By nine o'clock on Saturday night the London Chop House in Detroit already had enough people in it to start another suburb, and dozens more were waiting at the red velvet rope and lined up along the stairs to the street, and if you phoned for a reservation you were told it didn't matter if you were Henry Ford bringing Prince Charles in for a bucket of snails, it would be hours before you could have a table.
"Leave it to the coach," said Howard Cosell in his suite at the Ponchartrain Hotel, thrusting out both arms as if pushing away an imaginary admirer, then shooting his cuffs and slowly drawing a regular Chesterfield back toward his lips. "It becomes a very simple thing. My friends dine when they choose"
Other than his wife Emi, the friends Cosell had with him that night included Don Meredith and Frank Gifford, his colleagues on the ABC Monday prime-time pro football telecast, a show that has reached a sort of notoriety unseen in the field of sports broadcasting since the days when Red Grange and Dizzy Dean used to mangle the language on tiny black and white screens, or perhaps since the latest interview with anybody by Cosell himself. Cosell, Gifford and Meredith were in Detroit for their seasonal debut two nights hence, and psychic tension was creeping over them, though they grappled with it in different ways.
"Howard, you are beautiful. You are a trip all by yourself. You are fantastic," said Meredith, who had dressed for dinner in an ensemble that consisted of a brown suede cowboy hat, a sport coat, pink corduroy trousers and white tennis shoes with no socks.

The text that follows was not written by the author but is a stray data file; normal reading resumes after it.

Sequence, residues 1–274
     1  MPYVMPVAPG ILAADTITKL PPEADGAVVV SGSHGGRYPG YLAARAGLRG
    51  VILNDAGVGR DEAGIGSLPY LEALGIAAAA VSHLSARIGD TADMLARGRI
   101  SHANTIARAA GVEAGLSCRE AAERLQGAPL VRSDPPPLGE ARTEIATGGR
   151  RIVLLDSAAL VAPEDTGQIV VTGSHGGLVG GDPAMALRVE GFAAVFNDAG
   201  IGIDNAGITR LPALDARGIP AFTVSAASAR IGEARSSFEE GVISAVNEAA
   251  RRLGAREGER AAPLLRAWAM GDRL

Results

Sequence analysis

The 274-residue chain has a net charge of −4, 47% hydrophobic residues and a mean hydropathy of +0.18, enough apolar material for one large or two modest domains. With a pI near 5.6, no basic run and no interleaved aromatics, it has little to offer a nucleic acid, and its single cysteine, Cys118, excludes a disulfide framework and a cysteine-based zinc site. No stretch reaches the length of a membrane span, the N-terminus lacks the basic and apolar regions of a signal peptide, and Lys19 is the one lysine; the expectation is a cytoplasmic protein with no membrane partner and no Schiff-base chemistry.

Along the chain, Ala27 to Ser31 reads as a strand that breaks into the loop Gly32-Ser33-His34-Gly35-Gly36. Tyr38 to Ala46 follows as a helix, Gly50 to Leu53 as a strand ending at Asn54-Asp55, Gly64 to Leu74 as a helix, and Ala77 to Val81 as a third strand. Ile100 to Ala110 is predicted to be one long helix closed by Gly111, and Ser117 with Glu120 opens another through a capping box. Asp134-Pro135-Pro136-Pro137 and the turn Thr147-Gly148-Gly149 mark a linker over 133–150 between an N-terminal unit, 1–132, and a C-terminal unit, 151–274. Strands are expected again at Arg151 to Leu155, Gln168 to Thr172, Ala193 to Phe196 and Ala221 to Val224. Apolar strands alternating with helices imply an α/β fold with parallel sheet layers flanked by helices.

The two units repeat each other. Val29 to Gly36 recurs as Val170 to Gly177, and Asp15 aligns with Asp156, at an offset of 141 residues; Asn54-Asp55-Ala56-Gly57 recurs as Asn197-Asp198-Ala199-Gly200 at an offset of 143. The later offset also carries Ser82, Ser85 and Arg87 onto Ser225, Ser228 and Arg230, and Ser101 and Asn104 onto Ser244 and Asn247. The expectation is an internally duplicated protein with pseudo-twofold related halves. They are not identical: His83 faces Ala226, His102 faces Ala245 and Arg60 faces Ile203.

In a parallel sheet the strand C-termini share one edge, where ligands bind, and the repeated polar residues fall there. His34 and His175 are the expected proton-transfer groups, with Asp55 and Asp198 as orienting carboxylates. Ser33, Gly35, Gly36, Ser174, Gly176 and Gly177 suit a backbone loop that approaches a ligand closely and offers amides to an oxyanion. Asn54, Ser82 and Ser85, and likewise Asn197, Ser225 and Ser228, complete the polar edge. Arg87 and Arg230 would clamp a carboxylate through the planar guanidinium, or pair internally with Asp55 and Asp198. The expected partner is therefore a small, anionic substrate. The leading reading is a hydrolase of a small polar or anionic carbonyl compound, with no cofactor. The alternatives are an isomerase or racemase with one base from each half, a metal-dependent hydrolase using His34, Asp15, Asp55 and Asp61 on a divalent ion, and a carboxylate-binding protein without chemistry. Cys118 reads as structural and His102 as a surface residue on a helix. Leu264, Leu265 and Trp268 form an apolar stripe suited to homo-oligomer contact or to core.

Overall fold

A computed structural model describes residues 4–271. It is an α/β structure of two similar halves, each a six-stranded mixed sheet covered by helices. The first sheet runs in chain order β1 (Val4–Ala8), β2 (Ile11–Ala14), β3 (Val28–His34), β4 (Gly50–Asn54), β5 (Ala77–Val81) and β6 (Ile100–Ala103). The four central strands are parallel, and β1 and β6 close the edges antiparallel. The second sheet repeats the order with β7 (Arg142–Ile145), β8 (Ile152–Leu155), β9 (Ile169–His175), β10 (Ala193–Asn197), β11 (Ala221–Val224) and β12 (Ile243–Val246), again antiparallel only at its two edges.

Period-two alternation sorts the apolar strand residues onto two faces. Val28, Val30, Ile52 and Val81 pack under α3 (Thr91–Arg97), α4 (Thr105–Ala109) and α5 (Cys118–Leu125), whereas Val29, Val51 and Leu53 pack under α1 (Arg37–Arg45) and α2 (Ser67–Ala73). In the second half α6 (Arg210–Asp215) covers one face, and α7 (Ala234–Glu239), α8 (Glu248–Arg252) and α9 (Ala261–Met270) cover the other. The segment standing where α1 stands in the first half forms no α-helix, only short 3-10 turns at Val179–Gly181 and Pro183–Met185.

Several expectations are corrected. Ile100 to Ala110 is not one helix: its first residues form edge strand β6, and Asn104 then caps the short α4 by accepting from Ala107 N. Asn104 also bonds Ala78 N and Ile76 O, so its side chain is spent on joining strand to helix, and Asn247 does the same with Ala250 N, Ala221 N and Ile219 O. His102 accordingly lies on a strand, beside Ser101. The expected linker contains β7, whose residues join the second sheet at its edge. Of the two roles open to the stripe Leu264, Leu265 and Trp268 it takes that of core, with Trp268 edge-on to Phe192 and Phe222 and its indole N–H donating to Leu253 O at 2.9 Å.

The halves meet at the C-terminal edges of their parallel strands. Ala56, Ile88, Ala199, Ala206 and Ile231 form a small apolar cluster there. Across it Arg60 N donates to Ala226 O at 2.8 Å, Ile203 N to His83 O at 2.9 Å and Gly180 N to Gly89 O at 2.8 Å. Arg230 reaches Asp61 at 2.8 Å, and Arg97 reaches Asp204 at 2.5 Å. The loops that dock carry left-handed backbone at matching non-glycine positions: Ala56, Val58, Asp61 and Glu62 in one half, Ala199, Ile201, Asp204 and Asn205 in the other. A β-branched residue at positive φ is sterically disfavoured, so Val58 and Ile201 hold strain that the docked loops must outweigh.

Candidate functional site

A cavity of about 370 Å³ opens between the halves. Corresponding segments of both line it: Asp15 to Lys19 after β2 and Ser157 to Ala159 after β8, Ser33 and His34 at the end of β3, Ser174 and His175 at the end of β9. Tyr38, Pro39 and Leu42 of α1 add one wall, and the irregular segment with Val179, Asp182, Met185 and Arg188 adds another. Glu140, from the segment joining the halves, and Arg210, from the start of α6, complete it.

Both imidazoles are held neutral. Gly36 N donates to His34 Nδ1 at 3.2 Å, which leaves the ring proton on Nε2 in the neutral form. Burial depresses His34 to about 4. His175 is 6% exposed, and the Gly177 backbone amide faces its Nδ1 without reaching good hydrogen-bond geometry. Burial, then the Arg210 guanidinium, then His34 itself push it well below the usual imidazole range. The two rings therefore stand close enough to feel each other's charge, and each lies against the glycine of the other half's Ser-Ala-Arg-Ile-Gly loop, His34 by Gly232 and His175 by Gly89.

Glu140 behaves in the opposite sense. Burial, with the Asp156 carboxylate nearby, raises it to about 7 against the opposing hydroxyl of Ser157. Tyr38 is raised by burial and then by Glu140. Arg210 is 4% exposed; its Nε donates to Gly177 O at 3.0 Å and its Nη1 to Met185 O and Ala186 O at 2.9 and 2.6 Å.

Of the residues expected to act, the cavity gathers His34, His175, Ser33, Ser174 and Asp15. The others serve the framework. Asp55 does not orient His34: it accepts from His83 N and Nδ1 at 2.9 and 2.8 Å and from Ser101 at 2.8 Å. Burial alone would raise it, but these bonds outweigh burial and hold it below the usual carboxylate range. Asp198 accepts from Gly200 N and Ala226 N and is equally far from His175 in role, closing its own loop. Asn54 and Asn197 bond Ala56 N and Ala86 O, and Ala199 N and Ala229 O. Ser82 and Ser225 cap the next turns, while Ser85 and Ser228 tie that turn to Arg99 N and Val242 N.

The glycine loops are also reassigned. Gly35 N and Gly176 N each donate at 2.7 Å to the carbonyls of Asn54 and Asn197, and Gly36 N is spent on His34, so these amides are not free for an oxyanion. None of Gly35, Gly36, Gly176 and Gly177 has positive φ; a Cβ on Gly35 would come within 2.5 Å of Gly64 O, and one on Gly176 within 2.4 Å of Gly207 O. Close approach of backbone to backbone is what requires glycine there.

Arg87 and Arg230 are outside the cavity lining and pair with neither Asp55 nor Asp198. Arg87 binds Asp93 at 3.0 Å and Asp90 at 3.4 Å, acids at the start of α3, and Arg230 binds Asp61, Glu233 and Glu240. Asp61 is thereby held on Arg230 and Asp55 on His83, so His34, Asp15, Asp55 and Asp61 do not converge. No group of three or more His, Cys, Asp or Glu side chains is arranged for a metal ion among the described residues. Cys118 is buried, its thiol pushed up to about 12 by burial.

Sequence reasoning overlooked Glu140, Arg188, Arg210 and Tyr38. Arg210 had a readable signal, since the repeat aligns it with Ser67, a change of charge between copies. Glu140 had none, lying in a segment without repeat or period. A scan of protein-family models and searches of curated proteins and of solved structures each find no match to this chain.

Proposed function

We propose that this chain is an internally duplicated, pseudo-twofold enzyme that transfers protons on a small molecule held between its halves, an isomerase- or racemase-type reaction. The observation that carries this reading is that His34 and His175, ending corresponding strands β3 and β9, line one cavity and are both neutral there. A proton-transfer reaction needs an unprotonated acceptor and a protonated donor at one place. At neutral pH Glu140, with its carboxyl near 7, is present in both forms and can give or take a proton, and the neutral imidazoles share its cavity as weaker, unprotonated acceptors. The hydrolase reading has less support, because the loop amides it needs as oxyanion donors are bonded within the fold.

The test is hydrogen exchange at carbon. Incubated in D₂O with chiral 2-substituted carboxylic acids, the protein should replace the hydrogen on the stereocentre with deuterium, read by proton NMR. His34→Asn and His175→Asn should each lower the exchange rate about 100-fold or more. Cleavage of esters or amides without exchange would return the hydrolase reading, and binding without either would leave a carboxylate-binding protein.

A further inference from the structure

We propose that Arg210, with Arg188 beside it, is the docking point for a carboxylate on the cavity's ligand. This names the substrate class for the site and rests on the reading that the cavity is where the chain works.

"Some men are endowed with greatness," Cosell admitted.
Lurking a few feet away, as though wary of getting too close to his partners lest they should accidentally spray his suit with a burst of slightly damp rhetoric, Gifford waited with a scant smile, hands in pockets, elegantly turned out, his eyes watching them through tinted glasses.
"Frankly, I feel like I'm facing a firing squad," Gifford said to a visitor. "It's not what I have to do on Monday night that's so hard, it's who I have to do it with."
"With whom you have to do it," corrected Cosell.
Gifford nodded. "See what I mean?" he said to the visitor.
The Cosell-Gifford-Meredith team—to list the performers alphabetically and not necessarily by size of ego—can by sheer force of mouth absolutely overpower the football game it not only describes but also uses as a platform on which to stage tunes, gags and anecdotes. Some critics are underwhelmed by this style of reportage, and some love it. But it is certainly no accident that Cosell-Gifford-Meredith come on as they do, and, whether you like their act or not, the Monday night package apparently has established professional football as a feisty competitor in ratings against such big-league competition as Bob Hope specials and Elizabeth Taylor movies.